your day. But, if you see your way to a better life, it were well you
should choose one of nobler mould than I. I am not made for sacrifice, to
play the missioner and snatch brands from the burning. I have enough to
do to keep my own feet in the ribbon-path of right. You must look
elsewhere for that guardian influence which is to make of you a paragon."
"No, no," he answered sharply, "you think the game not worth the
candle--you doubt me and what I can do for you; my sincerity, my power
"Indeed, yes, I doubt both," she answered gravely, "for you would have me
believe that I have power to lead you. With how small a mind you credit
me! You think, too, that you sway this kingdom; but I know that you stand
upon a cliff's edge, and that the earth is fraying 'neath your tread. You
dare to think that you have power to drag down with you the man who
honours me with--"
"With his love, you'd say. Yet he will leave you fretting out your soul
until the sharp-edged truth cuts your heart in twain. Have you no pride?
I care not what you say of me--say your worst, and I will not resent it,
for I will still prove that your way lies with me."
She gave a bitter sigh, and touched her forehead with trembling fingers.
"If words could prove it, I had been convinced but now, for they are well
devised, and they have music too; but such a music, my lord, as would
drown the truth in the soul of a woman. Your words allure, but you have
learned the art of words. You yourself--oh, my lord, you who have tasted
all the pleasures of this world, could you then have the heart to steal
from one who has so little that little which gives her happiness?"
"You know not what can make you happy--I can teach you that. By God's
Son! but you have wit and intellect and are a match for a prince, not for
a cast off Camisard. I shall ere long be Lord--Lieutenant of these
Isles-of England and Ireland. Come to my nest. We will fly far--ah, your
eye brightens, your heart leaps to mine--I feel it now, I--"
"Oh, have done, have done," she passionately broke in; "I would rather
die, be torn upon the rack, burnt at the stake, than put my hand in
yours! And you do not wish it--you speak but to destroy, not to cherish.
While you speak to me I see all those"--she made a gesture as though to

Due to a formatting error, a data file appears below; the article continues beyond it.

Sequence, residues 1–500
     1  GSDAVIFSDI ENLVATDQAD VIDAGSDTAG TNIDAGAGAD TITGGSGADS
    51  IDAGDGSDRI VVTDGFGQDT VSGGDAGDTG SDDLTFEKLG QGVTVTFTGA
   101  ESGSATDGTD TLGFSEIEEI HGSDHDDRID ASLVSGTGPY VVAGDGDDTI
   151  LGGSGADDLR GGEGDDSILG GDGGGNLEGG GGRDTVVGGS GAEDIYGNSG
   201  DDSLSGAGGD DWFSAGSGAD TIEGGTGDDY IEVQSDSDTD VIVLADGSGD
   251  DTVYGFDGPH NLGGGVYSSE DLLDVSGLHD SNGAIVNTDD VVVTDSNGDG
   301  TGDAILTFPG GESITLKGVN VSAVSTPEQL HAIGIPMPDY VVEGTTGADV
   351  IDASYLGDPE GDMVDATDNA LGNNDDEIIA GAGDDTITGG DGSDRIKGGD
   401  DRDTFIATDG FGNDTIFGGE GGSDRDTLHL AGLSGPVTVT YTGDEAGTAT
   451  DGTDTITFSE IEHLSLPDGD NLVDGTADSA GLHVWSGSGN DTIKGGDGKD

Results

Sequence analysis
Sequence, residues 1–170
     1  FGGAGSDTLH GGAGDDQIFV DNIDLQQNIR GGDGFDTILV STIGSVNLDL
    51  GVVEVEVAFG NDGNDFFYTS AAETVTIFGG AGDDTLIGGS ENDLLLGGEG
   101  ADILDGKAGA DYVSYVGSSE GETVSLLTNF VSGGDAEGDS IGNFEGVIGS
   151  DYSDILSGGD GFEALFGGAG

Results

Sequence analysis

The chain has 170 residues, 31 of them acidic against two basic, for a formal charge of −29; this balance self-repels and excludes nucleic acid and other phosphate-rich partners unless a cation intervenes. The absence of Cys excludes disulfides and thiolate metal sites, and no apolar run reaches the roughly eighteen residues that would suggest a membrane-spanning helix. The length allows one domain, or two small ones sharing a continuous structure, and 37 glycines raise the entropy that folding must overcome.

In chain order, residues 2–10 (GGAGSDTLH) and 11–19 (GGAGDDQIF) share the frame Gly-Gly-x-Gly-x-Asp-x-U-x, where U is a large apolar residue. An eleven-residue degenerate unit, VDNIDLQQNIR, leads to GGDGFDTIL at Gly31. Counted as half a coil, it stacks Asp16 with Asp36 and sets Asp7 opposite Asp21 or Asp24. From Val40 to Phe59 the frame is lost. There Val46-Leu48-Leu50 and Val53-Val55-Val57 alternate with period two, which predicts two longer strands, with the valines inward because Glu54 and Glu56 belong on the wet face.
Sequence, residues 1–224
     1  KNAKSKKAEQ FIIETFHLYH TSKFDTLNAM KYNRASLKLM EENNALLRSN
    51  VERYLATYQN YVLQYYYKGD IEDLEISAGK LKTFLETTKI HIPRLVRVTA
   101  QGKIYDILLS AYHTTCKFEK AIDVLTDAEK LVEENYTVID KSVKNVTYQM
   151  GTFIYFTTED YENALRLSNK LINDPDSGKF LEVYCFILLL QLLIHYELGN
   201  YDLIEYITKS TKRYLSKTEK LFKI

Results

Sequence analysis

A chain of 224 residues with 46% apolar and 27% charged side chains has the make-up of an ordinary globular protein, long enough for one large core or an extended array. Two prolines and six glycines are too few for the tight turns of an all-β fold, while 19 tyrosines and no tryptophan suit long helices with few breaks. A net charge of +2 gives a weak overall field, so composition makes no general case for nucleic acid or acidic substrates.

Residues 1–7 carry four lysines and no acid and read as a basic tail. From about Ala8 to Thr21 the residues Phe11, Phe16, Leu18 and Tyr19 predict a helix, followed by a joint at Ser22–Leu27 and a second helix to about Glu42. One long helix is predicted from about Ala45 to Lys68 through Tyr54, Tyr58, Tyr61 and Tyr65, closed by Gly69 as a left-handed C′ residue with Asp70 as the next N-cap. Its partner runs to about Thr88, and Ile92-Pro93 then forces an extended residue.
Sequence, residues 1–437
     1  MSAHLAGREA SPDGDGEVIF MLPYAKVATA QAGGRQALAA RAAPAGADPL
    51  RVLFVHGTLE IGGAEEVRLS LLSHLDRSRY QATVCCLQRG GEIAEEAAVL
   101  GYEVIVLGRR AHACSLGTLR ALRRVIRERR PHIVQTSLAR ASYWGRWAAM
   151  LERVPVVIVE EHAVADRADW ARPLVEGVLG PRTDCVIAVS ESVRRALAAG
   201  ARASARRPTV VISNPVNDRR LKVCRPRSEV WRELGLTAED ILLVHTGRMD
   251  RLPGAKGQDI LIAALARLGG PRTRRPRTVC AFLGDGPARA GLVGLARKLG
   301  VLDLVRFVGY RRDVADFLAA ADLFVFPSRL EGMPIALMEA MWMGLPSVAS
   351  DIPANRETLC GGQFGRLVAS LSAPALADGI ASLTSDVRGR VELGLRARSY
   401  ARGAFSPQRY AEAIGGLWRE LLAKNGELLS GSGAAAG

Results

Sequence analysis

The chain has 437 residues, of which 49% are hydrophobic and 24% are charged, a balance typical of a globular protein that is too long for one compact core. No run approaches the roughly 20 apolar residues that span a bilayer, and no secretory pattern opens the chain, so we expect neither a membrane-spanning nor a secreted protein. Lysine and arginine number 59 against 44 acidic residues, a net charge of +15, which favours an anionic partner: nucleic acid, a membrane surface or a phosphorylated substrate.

put something from her "all those to whom you have spoken as you have
done to me. I hear the myriad falsehoods you have told--one whelming
confusion. I feel the blindness which has crept upon them--those poor
women--as you have sown the air with the dust of the passion which you
call love. Oh, you never knew what love meant, my lord! I doubt if, when
you lay in your mother's arms, you turned to her with love. You never did
one kindly act for love, no generous thought was ever born in you by
love. Sir, I know it as though it were written in a book; your life has
been one long calculation--your sympathy or kindness a calculated thing.
Good-nature, emotion you may have had, but never the divine thing by
which the world is saved. Were there but one little place where that Eden
flower might bloom within your heart, you could not seek to ruin that
love which lives in mine and fills it, conquering all the lesser part of
me. I never knew of how much love I was capable until I heard you speak
today. Out of your life's experience, out of all that you have learned of
women good and evil, you--for a selfish, miserable purpose--would put the
gyves upon my wrists, make me a pawn in your dark game; a pawn which you
would lose without a thought as the game went on.
"If you must fight, my lord, if you must ruin Monsieur de la Foret and a
poor Huguenot girl, do it by greater means than this. You have power, you
say. Use it then; destroy us, if you will. Send us to the Medici: bring
us to the block, murder us--that were no new thing to Lord Leicester. But
do not stoop to treachery and falsehood to thrust us down. Oh, you have
made me see the depths of shame to-day! But yet," her voice suddenly
changed, a note of plaintive force filled it--"I have learned much this